MadSci Network: Chemistry

Re: Why does EN for noble gases exclude helium and neon?

Date: Wed Nov 24 19:09:59 1999
Posted By: Michael Weibel, Battelle Chemist
Area of science: Chemistry
ID: 942937546.Ch

the quantity "electronegativity" is a general value which incorporates 
both an atom's ability to gain an electron (termed electron affinity) and 
to lose an electron (ionization potential).  Electronegativities are values 
which give a general indication of the type of bonding an atom 
undergoes... for example, a high electronegativity indicates a strong 
ability to accept an electron (fluorine atoms, for example), while a low 
electronegativity indicates a low tendency to accept an electron 
(typically these are electron donors, such as sodium)...then high and low 
electronegativities are indicative of forming ionic bonds, since one 
material donates an electron and another accepts it (versus covalent 
bonding, where the electrons are shared). 

Noble gases cannot accept an electron, as they become unstable and re-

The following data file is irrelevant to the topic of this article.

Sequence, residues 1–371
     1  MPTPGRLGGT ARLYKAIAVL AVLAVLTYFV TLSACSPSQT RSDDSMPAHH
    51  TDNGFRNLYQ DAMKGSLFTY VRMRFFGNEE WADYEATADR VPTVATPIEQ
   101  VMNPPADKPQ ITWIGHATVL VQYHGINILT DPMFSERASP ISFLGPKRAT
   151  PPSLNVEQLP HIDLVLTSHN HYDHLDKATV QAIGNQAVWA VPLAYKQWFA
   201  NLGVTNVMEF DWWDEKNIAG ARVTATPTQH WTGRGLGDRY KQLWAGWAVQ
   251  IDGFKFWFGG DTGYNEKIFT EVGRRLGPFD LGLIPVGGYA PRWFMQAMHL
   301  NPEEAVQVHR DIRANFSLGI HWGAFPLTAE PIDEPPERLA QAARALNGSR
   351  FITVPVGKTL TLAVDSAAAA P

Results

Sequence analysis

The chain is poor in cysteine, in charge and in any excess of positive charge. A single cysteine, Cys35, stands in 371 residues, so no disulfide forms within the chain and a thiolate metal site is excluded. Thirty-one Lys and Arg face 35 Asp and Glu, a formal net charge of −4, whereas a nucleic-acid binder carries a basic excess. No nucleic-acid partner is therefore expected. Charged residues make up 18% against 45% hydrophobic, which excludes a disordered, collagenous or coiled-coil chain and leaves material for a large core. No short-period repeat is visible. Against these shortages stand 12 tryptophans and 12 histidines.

eject it immediately.  Also, noble gases cannot donate an electron without 
a large energy expenditure.  While Xe is stable, it can form a stable 
molecule of XeF2 (very weak bonding, maybe not even covalent or ionic, but 
a strong Van Der waals interaction), but it takes an energy input to 
create it.  As such, there is no tendency for it to donate or accept an 
electron spontaneously.  Probably, this is why electronegativities for 
Noble gases are not generally reported (they are not zero, but undefined)

See also any general chem textbook, and the CRC Handbook.

Please feel free to email me if you have further questions:

Best Regards,
Dan Berger adds:

Covalent bonds are strengthened by electronegativity difference, for reasons
I won't go into here. For example, an O-H bond (electronegativity difference
is about 1.5 Pauling units) is stronger than a C-H bond (electronegativity
difference less than 0.5 Pauling units). Therefore one of the inputs for 
calculating the electronegativity of an element X is the strength of the
X-X bond versus the strength of the X-F bond (F is fluorine, with 
electronegativity defined as 4.0). Noble gases don't form bonds to themselves,
and so again their electronegativities are not defined.

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